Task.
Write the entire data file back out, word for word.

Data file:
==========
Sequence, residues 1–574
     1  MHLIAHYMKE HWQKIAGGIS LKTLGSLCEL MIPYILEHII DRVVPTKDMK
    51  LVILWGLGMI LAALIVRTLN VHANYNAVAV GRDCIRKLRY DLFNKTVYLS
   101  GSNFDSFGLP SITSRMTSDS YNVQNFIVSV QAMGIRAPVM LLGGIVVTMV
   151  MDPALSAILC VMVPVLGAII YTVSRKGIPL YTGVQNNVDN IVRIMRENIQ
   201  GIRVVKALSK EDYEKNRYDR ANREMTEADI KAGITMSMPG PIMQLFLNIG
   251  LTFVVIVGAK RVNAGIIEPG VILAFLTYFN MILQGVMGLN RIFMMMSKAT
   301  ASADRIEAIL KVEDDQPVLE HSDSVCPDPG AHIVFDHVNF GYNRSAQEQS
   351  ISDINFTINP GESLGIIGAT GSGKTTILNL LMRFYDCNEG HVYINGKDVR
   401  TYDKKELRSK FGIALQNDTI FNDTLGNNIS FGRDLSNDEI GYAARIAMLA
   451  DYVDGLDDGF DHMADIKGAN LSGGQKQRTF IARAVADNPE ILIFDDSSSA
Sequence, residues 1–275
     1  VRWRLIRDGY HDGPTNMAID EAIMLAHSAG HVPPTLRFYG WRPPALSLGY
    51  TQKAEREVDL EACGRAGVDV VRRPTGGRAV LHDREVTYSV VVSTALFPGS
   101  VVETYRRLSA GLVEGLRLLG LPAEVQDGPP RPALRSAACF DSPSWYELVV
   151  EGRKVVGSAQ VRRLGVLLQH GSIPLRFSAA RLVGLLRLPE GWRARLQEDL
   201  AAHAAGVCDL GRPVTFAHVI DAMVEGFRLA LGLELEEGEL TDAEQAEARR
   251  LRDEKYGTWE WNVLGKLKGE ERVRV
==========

Sequence, residues 1–574
     1  MHLIAHYMKE HWQKIAGGIS LKTLGSLCEL MIPYILEHII DRVVPTKDMK
    51  LVILWGLGMI LAALIVRTLN VHANYNAVAV GRDCIRKLRY DLFNKTVYLS
   101  GSNFDSFGLP SITSRMTSDS YNVQNFIVSV QAMGIRAPVM LLGGIVVTMV
   151  MDPALSAILC VMVPVLGAII YTVSRKGIPL YTGVQNNVDN IVRIMRENIQ
   201  GIRVVKALSK EDYEKNRYDR ANREMTEADI KAGITMSMPG PIMQLFLNIG
   251  LTFVVIVGAK RVNAGIIEPG VILAFLTYFN MILQGVMGLN RIFMMMSKAT
   301  ASADRIEAIL KVEDDQPVLE HSDSVCPDPG AHIVFDHVNF GYNRSAQEQS
   351  ISDINFTINP GESLGIIGAT GSGKTTILNL LMRFYDCNEG HVYINGKDVR
   401  TYDKKELRSK FGIALQNDTI FNDTLGNNIS FGRDLSNDEI GYAARIAMLA
   451  DYVDGLDDGF DHMADIKGAN LSGGQKQRTF IARAVADNPE ILIFDDSSSA
Sequence, residues 1–275
     1  VRWRLIRDGY HDGPTNMAID EAIMLAHSAG HVPPTLRFYG WRPPALSLGY
    51  TQKAEREVDL EACGRAGVDV VRRPTGGRAV LHDREVTYSV VVSTALFPGS
   101  VVETYRRLSA GLVEGLRLLG LPAEVQDGPP RPALRSAACF DSPSWYELVV
   151  EGRKVVGSAQ VRRLGVLLQH GSIPLRFSAA RLVGLLRLPE GWRARLQEDL
   201  AAHAAGVCDL GRPVTFAHVI DAMVEGFRLA LGLELEEGEL TDAEQAEARR
   251  LRDEKYGTWE WNVLGKLKGE ERVRV